Golf: The European Open at the K Club, (K for Kildare) outside Dublin. The cut has been made and the remainder of the field fight for first prize and Ryder Cup points. Darren Clarke grabbed the headlines with a round of 60 and a hole in one but a secondary attraction is the prospect of witnessing Open champion Paul Lawrie attempting to justify his Carnoustie triumph - not, as the Americans assume, the fortunate winner of what they claimed was a farcical competition.
Football: European Champions' Cup, second qualifying round, second leg. Rangers should cruise past Finland's FC Haka with a 4-1 first-leg lead to meet Parma in the next round. Meanwhile in the Intertoto Cup semi-final, second leg, West Ham travel to The Netherlands protecting a 1-0 lead against Heerenveen as they attempt to qualify for the Uefa Cup.
Super League: Bottom club Hull Sharks, some of whose players are embroiled in a pay dispute with the club, are hosts to Gateshead Thunder, who are enjoying a reasonably successful first season and are fresh from Sunday's missionary work against Wigan in Edinburgh.
Cricket: England v New Zealand, third Test, Old Trafford. Having gifted the second Test to the Kiwis courtesy of the usual batting collapse, England must regain the advantage with or without broken-finger victim captain Nasser Hussain and some boys from the old brigade. Don't hold your breath.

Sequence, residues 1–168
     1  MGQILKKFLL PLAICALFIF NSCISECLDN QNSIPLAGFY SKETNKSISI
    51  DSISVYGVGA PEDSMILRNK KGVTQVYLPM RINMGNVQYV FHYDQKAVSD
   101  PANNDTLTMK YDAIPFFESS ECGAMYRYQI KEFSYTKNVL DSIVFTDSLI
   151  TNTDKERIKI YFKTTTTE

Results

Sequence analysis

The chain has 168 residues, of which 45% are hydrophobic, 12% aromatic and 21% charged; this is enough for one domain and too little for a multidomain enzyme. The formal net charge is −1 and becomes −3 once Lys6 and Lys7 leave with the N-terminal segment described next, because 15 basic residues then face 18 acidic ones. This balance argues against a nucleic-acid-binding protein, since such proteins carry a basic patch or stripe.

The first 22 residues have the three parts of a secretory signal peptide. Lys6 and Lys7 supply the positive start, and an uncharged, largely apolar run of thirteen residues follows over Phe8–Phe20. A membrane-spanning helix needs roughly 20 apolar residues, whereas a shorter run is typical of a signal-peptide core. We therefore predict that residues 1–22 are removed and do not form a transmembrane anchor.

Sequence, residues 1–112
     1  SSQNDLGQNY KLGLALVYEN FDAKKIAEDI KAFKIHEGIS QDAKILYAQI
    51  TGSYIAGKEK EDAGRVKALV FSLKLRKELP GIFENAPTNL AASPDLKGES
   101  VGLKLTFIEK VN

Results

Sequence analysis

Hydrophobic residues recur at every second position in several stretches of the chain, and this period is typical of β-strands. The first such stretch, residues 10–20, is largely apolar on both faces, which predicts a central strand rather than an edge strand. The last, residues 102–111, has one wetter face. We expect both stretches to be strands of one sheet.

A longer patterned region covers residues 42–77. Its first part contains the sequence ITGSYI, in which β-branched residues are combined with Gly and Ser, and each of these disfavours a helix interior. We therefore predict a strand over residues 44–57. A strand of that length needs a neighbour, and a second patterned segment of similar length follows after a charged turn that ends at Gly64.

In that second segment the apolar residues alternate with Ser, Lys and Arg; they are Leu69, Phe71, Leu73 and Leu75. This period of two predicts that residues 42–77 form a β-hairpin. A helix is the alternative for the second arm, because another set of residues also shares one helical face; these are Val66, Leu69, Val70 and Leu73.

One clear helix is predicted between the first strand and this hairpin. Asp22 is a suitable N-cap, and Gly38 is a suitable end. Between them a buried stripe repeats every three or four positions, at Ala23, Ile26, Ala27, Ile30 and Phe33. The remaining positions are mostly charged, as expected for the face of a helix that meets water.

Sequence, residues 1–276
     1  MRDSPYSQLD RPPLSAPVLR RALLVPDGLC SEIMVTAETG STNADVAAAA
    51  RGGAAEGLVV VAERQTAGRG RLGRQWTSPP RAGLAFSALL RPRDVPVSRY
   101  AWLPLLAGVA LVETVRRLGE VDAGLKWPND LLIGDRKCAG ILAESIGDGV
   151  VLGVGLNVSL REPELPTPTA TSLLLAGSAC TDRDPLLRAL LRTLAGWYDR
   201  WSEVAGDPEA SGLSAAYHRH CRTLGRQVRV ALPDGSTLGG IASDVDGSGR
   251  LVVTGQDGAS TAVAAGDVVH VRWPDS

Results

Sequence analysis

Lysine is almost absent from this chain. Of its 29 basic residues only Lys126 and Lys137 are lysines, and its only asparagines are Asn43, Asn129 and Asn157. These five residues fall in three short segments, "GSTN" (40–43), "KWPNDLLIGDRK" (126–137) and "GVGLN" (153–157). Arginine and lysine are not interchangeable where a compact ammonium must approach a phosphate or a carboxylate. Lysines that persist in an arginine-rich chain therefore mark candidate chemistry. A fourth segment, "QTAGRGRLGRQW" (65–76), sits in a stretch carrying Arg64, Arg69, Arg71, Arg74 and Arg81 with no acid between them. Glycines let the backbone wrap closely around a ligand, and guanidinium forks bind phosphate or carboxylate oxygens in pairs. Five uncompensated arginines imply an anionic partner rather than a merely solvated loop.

Golf: Volvo Scandinavian Masters. More late efforts to grab Ryder Cup points.
Super League: Leeds Rhinos v Warrington Wolves. Iestyn Harris's old club visit Headingley hoping to inflict a second consecutive home defeat and keep on course for a top-five finish and a place in the Super League play- offs.
Athletics: IAAF Grand Prix, Crystal Palace. Apart from the cream of Britain's talent, here's an unrivalled opportunity to see some of the world's greatest athletes in action in this country, including Maurice Greene, Marion Jones, Hicham El Guerrouj, Haile Gebrselassie and many more. Just one moan: which planning genius is responsible for this athletics feast clashing with the first afternoon of the English football season?
Football: It's back.
Rugby union: The Tri-nations tournament moves to South Africa, where the beleaguered hosts and soon-to-be-deposed world champions face resurgent New Zealand in Pretoria. A change of captain and some tinkering with the team should not be enough to stop the All Blacks.
Football: The new season's first competitive appearance by Manchester United, who make the trip along the East Lancs Road to Goodison Park, where once high-flying Everton lie in wait. In Scotland, newly promoted Hibs visit Dundee for one of those infuriating 6.05pm kick-offs. After the 2 May Old Firm farce at Celtic Park, when Rangers won the title and violence spilled on to the streets, there was talk of changing kick-off times for Sunday televised matches to prevent supporters spending all day getting tanked up. Since then the silence has been deafening.Reuse content